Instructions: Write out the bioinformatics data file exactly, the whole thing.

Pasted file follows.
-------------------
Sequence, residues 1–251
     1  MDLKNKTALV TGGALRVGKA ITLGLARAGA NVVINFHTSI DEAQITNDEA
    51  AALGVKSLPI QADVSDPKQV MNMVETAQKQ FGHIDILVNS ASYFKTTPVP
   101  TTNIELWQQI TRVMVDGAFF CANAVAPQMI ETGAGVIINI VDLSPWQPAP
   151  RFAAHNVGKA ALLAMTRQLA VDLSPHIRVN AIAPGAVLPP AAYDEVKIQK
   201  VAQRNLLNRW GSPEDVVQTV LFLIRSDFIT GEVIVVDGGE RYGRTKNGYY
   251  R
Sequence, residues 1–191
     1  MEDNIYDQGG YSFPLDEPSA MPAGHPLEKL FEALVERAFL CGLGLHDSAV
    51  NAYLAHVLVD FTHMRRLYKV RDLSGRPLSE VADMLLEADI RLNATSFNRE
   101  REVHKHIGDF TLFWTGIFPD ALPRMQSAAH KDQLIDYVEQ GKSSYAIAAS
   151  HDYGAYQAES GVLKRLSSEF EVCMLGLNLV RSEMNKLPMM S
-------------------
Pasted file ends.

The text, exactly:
Sequence, residues 1–251
     1  MDLKNKTALV TGGALRVGKA ITLGLARAGA NVVINFHTSI DEAQITNDEA
    51  AALGVKSLPI QADVSDPKQV MNMVETAQKQ FGHIDILVNS ASYFKTTPVP
   101  TTNIELWQQI TRVMVDGAFF CANAVAPQMI ETGAGVIINI VDLSPWQPAP
   151  RFAAHNVGKA ALLAMTRQLA VDLSPHIRVN AIAPGAVLPP AAYDEVKIQK
   201  VAQRNLLNRW GSPEDVVQTV LFLIRSDFIT GEVIVVDGGE RYGRTKNGYY
   251  R
Sequence, residues 1–191
     1  MEDNIYDQGG YSFPLDEPSA MPAGHPLEKL FEALVERAFL CGLGLHDSAV
    51  NAYLAHVLVD FTHMRRLYKV RDLSGRPLSE VADMLLEADI RLNATSFNRE
   101  REVHKHIGDF TLFWTGIFPD ALPRMQSAAH KDQLIDYVEQ GKSSYAIAAS
   151  HDYGAYQAES GVLKRLSSEF EVCMLGLNLV RSEMNKLPMM S